RED SQUARES AT NIGHT

For toots and snickers, I ran this all a second time, and cancelled the full backup halfway through. The full backup issued a new checkpoint, so the checkpoint LSN changes, but the database backup LSN never changes, because it got canceled. That means taking log backups during full backups is totally useful. If your full backup fails for whatever reason, these things keep the chain alive.

NOTHING CHANGES

NOTHING CHANGES

If the third time is to be a charm, and it is, the same thing occurs as the first run. New checkpoint LSN, and the database backup LSN runs through until the backup finishes. You can verify that by looking at the start and end times columns.

I'm always convinced that whoever came up with the term LSN Chains really liked 90's Grunge.

I’m always convinced that whoever came up with the term LSN Chains really liked 90’s Grunge.

If you still don’t believe me

Just look at sys.databases while you’re running a full backup.

Yes, I made you read all that to get here.

Yes, I made you read all that to get here.

The result is acknowledged, though not documented, here. This does indeed mean that log truncation will not occur during a full backup even if you take log backups. It will happen when you take the first log backup after the full finishes. You may want to consider this when scheduling maintenance items that may hog up log space alongside full backups.

Recap

Backups are beautiful things. You should take full ones, and probably differential ones, and if you’re in full recovery model, definitely log ones. How often you take them is up to you and your boss. Or maybe their boss. But it’s definitely not up to you. Unless you’re your boss.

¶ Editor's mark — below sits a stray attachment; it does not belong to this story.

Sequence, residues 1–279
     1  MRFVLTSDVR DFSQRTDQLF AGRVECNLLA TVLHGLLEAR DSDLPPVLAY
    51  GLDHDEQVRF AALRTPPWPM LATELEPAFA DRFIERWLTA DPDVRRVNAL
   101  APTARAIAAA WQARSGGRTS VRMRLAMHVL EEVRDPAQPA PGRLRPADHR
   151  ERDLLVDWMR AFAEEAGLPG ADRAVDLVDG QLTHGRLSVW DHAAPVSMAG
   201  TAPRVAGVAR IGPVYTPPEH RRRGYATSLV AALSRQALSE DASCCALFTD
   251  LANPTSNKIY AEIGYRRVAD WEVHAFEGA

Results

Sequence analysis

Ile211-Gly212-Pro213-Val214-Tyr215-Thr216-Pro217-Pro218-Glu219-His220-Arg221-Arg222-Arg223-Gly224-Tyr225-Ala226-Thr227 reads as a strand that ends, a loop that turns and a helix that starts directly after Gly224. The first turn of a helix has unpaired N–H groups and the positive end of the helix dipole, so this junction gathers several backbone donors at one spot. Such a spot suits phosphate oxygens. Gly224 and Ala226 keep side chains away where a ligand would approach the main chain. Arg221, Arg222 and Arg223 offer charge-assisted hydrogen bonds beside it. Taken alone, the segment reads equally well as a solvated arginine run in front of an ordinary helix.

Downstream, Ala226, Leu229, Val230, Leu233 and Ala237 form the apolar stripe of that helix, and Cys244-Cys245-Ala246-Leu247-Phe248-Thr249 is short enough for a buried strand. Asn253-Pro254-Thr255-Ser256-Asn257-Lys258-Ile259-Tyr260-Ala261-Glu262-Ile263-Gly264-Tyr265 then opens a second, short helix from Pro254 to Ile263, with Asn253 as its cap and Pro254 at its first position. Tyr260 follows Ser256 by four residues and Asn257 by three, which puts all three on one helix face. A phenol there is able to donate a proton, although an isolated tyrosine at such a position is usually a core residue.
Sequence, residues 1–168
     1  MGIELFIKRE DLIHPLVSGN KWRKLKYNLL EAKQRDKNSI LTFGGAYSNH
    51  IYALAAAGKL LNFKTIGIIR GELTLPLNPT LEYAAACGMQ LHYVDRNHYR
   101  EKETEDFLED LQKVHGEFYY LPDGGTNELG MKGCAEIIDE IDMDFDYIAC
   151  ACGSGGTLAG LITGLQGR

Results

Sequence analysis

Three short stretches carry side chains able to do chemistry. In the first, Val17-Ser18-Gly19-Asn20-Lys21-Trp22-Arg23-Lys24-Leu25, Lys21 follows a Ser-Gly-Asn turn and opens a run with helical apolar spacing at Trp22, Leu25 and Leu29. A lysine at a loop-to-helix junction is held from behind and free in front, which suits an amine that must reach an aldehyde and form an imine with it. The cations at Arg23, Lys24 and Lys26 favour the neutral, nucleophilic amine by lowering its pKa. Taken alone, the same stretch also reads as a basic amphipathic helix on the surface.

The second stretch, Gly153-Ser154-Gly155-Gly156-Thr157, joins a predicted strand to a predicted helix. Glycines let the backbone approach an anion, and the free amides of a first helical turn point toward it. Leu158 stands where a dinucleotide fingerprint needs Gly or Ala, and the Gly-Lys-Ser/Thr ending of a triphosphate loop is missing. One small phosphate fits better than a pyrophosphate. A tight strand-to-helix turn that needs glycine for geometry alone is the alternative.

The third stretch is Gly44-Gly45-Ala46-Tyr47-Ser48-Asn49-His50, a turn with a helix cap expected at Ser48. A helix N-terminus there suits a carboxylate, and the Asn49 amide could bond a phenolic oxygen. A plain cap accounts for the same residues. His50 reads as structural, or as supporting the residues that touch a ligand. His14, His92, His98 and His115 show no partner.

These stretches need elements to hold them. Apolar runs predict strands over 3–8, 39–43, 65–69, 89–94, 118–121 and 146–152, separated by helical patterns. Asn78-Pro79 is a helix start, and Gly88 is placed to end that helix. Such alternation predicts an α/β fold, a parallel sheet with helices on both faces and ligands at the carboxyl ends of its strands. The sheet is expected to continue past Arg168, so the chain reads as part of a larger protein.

Log backups during full backups won’t hurt anything, and may end up helping things if your full backup fails, and you need to restore something.

Log backups during full backups will not truncate the log. That has to wait until the first log backup after the full finishes.

Previous Post
Give Your T-SQL a Semicolonoscopy
Next Post
Who’s Really Doing Continuous Integration of SQL Server Databases?

24 Comments. Leave new

  • Wow, I had to say “LSN Chains” to myself a few times to get that.

    Reply
  • Do you guys have any snippets or tutorials on how to quickly identify backup sets? (F + D + L + L + L) and (F + L + L + L)

    Reply
  • This is very interesting. It is one of those things you “just knew” but were afraid to ask the details on. Thanks!

    Reply
  • Lars Rasmussen
    December 22, 2015 4:34 pm

    Red Squares At Night? Now I can’t get that song by The Fixx out of my head.

    Reply
  • Isn’t it also true that the log backups that happen during the full backup are useful if you need to restore to a point in time between the start and end time of that full backup?

    Reply
  • Its really interesting and helpful…
    Thanks!!!

    Reply
  • This is very helpful to understanding why I have a huge log backup during a full backup that was taking up so much space! The solution was to schedule my log shipping to start after the full backup. For a long time I did not understand why there was a huge log backup after a full backup, but only to realize that it was during a full backup that was causing this.